But even in their depths of despair, they clung to a form of hope. Omari recalls how he and some fellow prisoners sought to keep track of everyone around them: They collected the names of 82 inmates locked in the secret government facility where they were detained. Then they mixed their own blood with rust filings to create ink, used scavenged chicken bones as quills and carefully wrote down all the names and numbers they had gathered on rough strips of fabric. These were hidden inside a shirt that Omari put on the day he was released.
Those five pieces of cloth are now on display in a chilling exhibit at the U.S. Holocaust Memorial Museum in Washington. Framed in individual display cases, they look like ancient artifacts, faded canvases etched with runes from a distant past. But they tell a very modern story.
Visitors to the building, which chronicles the horrors of the 20th century's worst genocide and the context of how it began, are now confronted with a contemporary calamity: The ongoing war in Syria, which has claimed the lives of about a half-million people, forced 11 million people to flee their homes and upended one of the Middle East's most venerable societies.
"Syria: Please Don't Forget Us" also is a pointed critique of the regime led by Syrian President Bashar al-Assad, which is an accomplice to the ravaging of the nation and the disappearance of countless of dissidents and ordinary civilians into a network of clandestine prisons and torture houses. It sits alongside another installation on Syria featuring the photography of a former Syrian military police photographer, whose images show how detainees were maimed, their eyes gouged out and limbs gored.
"So many people go through this museum and wonder, 'What would I have done if I was living in 1930s Germany,' " Cameron Hudson, director of the museum's Simon-Skjodt Center for the Prevention of Genocide, told Today's WorldView. "What we want them to think is, 'I'm living in 2017, and this stuff is going on around me.' "
Sadly, though, museum-goers can only bear witness — and outside the building there seems to be little appetite to do anything more. To many in the West, the war in Syria is on the wane. Assad, backed by both Iran and Russia, is secure in Damascus and recapturing bombed-out cities across the country. He and Russian President Vladimir Putin seem to be in a strong position to steer the political process that could bring a putative end to the conflict.
The Islamic State — the Islamist militant group that once commanded a stretch of territory in Iraq and Syria, as well as the attention of the international community — has been chased out of all its major strongholds, its ranks depleted. Last month, the Assad regime formally declared victory over the extremist group. On Thursday, Russia followed suit, declaring that the Islamist militants no longer controlled "a single village" in the country.
Peace, though, is nowhere in sight. The Islamic State may have suffered defeats on the battlefield, but it remains a deadly threat to civilians in many countries. Moreover, the conditions that led to its rise have hardly been addressed.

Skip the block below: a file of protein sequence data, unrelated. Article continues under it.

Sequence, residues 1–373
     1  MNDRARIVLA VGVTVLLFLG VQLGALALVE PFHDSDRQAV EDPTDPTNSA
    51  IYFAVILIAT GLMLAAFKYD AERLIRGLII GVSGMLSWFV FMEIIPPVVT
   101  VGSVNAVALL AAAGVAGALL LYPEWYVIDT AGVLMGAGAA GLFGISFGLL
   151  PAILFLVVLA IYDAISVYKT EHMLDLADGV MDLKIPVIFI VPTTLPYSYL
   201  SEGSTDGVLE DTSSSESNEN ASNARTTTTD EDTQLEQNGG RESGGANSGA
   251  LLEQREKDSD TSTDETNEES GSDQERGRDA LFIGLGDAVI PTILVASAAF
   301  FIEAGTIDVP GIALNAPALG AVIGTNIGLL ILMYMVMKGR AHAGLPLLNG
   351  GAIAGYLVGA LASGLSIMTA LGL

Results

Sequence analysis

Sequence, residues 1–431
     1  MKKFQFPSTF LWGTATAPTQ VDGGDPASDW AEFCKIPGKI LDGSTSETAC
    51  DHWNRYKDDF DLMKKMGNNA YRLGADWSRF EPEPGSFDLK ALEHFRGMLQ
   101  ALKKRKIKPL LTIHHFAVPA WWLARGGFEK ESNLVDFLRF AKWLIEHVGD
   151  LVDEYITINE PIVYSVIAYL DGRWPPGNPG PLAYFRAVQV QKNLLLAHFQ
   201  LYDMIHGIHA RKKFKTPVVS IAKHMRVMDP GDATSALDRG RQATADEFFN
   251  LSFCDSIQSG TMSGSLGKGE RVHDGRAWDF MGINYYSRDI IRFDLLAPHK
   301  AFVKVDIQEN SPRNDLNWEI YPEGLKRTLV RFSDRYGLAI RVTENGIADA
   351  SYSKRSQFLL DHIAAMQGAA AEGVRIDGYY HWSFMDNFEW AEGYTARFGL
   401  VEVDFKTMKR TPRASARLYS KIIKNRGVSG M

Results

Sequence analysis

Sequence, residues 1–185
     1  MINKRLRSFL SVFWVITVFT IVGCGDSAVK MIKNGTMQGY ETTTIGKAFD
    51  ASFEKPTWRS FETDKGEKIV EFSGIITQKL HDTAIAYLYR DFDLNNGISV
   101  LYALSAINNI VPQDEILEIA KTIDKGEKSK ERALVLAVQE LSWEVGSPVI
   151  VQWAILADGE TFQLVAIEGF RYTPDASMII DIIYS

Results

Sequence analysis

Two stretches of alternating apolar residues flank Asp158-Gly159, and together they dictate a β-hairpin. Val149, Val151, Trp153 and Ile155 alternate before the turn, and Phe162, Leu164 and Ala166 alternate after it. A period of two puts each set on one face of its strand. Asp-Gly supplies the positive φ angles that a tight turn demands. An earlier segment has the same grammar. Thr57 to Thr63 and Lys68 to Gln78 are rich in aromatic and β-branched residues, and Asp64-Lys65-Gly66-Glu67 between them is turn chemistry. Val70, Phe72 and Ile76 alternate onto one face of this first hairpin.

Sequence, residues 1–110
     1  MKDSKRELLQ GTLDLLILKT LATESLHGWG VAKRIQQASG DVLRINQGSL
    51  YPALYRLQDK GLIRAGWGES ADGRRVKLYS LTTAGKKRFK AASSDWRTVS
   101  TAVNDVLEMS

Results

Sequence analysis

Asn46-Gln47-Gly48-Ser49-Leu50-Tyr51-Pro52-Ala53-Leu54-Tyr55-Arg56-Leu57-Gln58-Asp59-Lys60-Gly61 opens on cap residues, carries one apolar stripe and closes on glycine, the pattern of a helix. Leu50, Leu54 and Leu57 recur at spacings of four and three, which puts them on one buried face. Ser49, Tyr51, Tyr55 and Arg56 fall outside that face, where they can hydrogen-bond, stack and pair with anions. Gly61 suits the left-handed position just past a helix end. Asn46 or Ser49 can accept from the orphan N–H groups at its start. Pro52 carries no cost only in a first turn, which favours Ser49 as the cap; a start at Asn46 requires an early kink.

“Governments like to talk about ISIS in terms of metrics, numbers, cities taken. What we forget is that ISIS is more than a presence on the ground. It is a political force, an ideological force, and it says something about the world that people across Syria and Iraq have been living in,” Tobias Schneider, an international security analyst, told my colleagues. “We are not one step closer to solving those politics.”
Of course, for Omari and other dissidents, solving those politics involves reckoning with what they see as the real source of Syria's undoing — Assad.
The direction of the war took a pro-Damascus turn after Russia joined the regime's relentless bombing of rebel-controlled areas in 2015. But "it's not only the bombings which are hurting us," Omari told reporters on the sidelines of the exhibition. He points to the ruthlessness of Assad's security state, which stifled free expression for decades, ransacked the offices of his media organization and arrested him in February 2012.
"Real peace will be when you have justice," Omari said, gesturing quietly to the possible end of Assad's rule.
When he got out of prison and eventually fled the country to Sweden, Omari carried with him the whispers and fears of the men he left behind in prison.
"People who were around me, the detainees, they had this hope that when I go out I could help them," Omari said in testimony recorded for the exhibit. "And I've been working on that. Trying to convince people, organizations, governments to do anything for them. There are millions of Syrians that now need justice. The value of these shirt pieces, I hope that it plays a part in holding some people accountable."
In the meantime, he wants his publicizing of their names and ordeal to show that "I somehow fulfilled my promise to them." Real justice may be far away, but Omari still believes it will come. "For me and many other Syrians, we cannot live without hope," he said.
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